According to last year’s records, 1,486 of the players were from Roswell, 1,565 players were from New Mexico towns other than Roswell, and 462 players were from Texas. In addition, the tournament has hundreds of volunteers.
The players, their friends and family, and spectators will bring with them their appetites and local restaurants and pubs are expecting a whirlwind of activity.
“They should do awesome,” Avery said. “Everybody should be slam-packed this weekend.”
Ramon Chavez, manager of Applebee’s Neighborhood Grill & Bar in Roswell, said his restaurant is scheduling extra staffing in preparation of the football tournament and the New Mexico Military Institute’s 119th commencement ceremony on Saturday.
“We’re actually expecting a big crowd for the Hike It and Spike It and the NNMI graduation,” Chavez said. “It’s probably going to be as busy as Valentine’s Day, if not busier.”
The Roswell Museum and Art Center also expects to benefit from the influx of visitors.
“Often it does bring families in,” said museum registrar Kenna Arganbright.
Mike Acezedo, general manager of Farley’s Food Fun & Pub, said he expects to see a lot of football players and spectators seeking some cool drinks and food after the games.
“Hike It and Spike It is one of the busiest weekends in town,” Acezedo said. “Farley’s is the place to be to get out of the sun and enjoy some great food and good drinks. We’re expecting a big crowd. It’s one of the busiest weekends in the year. Any business is always good.”
James Martin, owner of Martin’s Jewelry & Gifts, said the flag football weekend presents more potential customers and more window-shopping at the city’s gift shops.
“We see a little bit more traffic, but they’re just out here cruising and looking,” Martin said. “It couldn’t hurt, but I don’t know how good it is. It can’t hurt anything.”
Jim Matteucci, chairman of the board of Bank of the Southwest and local co-organizer, said the event would not be possible without all the help it gets from the city of Roswell, including $20,000 of seed money from city lodgers’ tax proceeds.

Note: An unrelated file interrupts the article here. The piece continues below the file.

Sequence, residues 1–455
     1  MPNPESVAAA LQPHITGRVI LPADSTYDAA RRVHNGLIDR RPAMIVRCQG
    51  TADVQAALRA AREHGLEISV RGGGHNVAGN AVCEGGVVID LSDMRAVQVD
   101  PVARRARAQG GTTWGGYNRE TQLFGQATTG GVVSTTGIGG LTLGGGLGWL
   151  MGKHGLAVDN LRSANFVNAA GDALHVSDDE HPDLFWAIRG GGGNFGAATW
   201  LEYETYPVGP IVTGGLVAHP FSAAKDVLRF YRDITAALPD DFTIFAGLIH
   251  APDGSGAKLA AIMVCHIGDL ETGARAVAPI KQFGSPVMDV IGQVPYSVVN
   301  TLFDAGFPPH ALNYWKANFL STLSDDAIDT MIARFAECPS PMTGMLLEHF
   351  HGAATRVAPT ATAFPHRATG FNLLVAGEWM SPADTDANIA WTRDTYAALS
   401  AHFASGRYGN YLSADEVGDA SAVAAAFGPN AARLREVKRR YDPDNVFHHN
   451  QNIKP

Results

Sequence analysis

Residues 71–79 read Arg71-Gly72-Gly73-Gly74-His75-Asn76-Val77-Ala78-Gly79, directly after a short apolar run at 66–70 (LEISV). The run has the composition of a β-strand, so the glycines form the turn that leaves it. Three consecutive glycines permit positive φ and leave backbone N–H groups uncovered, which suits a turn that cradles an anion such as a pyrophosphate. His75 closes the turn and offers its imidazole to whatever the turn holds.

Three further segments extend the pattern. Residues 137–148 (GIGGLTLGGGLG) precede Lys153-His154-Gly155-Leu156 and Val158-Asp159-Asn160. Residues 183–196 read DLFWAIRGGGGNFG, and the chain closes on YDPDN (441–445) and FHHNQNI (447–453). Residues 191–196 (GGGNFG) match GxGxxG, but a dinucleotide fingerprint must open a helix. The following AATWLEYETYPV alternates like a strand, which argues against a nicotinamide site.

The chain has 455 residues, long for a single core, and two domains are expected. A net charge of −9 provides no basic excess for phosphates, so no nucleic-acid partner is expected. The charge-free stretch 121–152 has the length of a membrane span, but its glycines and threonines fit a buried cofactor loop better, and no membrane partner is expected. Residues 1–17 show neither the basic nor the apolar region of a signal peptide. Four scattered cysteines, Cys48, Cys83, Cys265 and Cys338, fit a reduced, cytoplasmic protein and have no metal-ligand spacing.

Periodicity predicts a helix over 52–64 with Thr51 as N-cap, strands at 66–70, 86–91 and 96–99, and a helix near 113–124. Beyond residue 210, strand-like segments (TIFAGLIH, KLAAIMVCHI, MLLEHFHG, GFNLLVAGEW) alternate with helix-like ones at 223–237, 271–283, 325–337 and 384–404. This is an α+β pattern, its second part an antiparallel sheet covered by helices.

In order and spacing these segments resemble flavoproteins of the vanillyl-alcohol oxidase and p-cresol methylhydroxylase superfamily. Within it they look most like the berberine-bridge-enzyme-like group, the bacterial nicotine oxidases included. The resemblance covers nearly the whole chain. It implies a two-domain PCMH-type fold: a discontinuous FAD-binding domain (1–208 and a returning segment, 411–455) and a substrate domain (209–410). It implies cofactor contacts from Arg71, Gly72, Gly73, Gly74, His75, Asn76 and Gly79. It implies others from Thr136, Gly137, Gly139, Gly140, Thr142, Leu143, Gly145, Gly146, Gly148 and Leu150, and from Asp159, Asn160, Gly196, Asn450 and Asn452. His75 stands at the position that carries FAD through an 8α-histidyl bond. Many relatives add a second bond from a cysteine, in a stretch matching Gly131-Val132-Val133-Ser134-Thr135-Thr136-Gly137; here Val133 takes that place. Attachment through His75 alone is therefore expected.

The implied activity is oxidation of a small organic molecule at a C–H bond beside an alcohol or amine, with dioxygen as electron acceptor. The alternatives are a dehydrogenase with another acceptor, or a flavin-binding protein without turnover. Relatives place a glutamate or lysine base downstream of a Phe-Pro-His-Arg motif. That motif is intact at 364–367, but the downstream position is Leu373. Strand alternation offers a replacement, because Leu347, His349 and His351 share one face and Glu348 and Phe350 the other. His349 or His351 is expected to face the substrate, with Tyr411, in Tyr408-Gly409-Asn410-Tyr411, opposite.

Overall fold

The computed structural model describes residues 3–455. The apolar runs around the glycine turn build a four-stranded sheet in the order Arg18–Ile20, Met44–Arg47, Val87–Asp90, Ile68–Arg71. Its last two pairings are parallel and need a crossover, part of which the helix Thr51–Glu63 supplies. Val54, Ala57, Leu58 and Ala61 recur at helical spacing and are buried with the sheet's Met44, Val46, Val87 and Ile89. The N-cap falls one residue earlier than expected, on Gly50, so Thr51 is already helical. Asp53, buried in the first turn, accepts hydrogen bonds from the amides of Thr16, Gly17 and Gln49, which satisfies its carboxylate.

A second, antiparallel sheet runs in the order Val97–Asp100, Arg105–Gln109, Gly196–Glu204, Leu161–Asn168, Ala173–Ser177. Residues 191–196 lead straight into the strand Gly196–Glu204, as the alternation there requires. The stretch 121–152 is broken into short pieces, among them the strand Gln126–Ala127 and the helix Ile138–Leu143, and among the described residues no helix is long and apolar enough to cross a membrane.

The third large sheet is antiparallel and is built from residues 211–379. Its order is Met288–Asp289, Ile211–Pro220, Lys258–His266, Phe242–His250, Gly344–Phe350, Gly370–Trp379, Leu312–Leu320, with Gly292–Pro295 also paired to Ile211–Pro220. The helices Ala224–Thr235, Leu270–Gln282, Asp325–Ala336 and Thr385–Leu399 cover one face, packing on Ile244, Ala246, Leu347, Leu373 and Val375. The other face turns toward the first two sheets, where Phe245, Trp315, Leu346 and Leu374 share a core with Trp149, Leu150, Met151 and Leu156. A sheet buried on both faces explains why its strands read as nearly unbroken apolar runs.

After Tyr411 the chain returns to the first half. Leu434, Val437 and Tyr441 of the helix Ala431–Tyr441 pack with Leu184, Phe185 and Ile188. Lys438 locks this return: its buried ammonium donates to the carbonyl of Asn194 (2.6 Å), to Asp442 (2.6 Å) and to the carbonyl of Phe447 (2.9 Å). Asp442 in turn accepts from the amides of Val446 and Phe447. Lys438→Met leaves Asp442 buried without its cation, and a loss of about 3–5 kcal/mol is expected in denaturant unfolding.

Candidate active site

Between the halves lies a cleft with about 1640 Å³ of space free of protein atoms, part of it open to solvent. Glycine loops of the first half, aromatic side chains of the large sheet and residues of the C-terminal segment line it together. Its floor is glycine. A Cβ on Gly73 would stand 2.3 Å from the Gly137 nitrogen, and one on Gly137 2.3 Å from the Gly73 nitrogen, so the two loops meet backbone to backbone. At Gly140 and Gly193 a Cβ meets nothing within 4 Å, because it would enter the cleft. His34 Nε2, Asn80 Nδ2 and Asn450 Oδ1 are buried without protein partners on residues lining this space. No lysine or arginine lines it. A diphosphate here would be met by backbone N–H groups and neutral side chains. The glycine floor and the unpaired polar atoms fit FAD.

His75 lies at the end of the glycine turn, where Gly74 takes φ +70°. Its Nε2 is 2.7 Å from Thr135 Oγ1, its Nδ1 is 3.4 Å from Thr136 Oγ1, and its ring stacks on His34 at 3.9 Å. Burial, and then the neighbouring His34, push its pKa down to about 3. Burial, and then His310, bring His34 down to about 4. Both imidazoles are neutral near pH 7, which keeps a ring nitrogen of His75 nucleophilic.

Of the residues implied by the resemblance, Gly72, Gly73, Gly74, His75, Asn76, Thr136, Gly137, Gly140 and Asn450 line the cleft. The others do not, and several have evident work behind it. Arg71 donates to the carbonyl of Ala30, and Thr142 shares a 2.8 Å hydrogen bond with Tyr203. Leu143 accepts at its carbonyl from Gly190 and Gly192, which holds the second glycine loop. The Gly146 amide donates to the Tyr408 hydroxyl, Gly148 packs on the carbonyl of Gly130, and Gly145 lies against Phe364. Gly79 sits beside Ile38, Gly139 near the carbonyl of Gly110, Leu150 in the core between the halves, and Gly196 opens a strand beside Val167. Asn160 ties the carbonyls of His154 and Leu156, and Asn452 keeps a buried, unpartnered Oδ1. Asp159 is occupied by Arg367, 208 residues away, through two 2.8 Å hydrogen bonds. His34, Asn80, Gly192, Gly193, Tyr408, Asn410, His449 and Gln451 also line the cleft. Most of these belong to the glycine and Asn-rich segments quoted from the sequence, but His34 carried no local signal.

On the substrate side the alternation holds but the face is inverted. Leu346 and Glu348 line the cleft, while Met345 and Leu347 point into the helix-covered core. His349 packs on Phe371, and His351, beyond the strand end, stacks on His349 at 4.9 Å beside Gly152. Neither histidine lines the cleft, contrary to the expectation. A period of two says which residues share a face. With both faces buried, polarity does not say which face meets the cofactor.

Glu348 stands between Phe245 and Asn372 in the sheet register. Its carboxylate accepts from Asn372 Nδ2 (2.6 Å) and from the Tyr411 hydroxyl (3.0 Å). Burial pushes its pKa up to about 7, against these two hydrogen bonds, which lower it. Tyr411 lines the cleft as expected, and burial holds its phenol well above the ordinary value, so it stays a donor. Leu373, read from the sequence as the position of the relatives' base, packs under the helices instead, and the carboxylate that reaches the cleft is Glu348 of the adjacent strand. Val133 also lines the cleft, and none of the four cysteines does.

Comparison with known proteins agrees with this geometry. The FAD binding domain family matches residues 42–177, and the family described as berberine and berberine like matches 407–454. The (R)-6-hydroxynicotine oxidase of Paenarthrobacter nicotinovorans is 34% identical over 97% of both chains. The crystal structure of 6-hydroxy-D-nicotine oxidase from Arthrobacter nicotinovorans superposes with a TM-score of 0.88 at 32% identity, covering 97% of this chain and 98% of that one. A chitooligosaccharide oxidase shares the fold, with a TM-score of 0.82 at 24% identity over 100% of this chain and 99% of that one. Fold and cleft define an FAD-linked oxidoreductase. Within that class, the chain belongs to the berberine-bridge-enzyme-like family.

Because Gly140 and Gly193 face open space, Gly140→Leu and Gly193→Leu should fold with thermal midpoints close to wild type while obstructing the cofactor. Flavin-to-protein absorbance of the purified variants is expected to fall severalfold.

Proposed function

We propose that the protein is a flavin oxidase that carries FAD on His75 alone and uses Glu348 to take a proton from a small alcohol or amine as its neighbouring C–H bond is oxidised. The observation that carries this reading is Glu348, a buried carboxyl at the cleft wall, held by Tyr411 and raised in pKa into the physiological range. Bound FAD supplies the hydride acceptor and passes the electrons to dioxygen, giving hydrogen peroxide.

“Just about every city department is involved in the event,” Matteucci said. “The Parks and Rec Department prepared the facility, including blading of roads, mowing of parking areas, erecting a fence for crowd and traffic control. The Sanitation Department will put seven roll-up dumpsters at the park. The Streets Department will be out there all weekend controlling the dust with their water truck. They put up all the street barricades and cones and traffic signs. The police department, fire department, state police will all be here in force this weekend. The event wouldn’t happen without the help from the city.”
Matteucci said preparations will include a temporary hospital at Cielo Grande erected by Eastern New Mexico Medical Center.
“On top of that, we have over 400 volunteers that give us their time to make this event not just any event, but an amazing event,” Matteucci said.
Kintigh said the annual tournament creates a much-needed boost in revenues to the city.
“The city really relies on gross receipt taxes,” Kintigh said. “This is a huge boost for the city. We want to encourage people to participate, come out and watch, and come out and cheer on your favorite team and spend money.”
Kintigh will kick off the tournament with a short address to the crowds at 8 a.m. Saturday at Cielo Grande.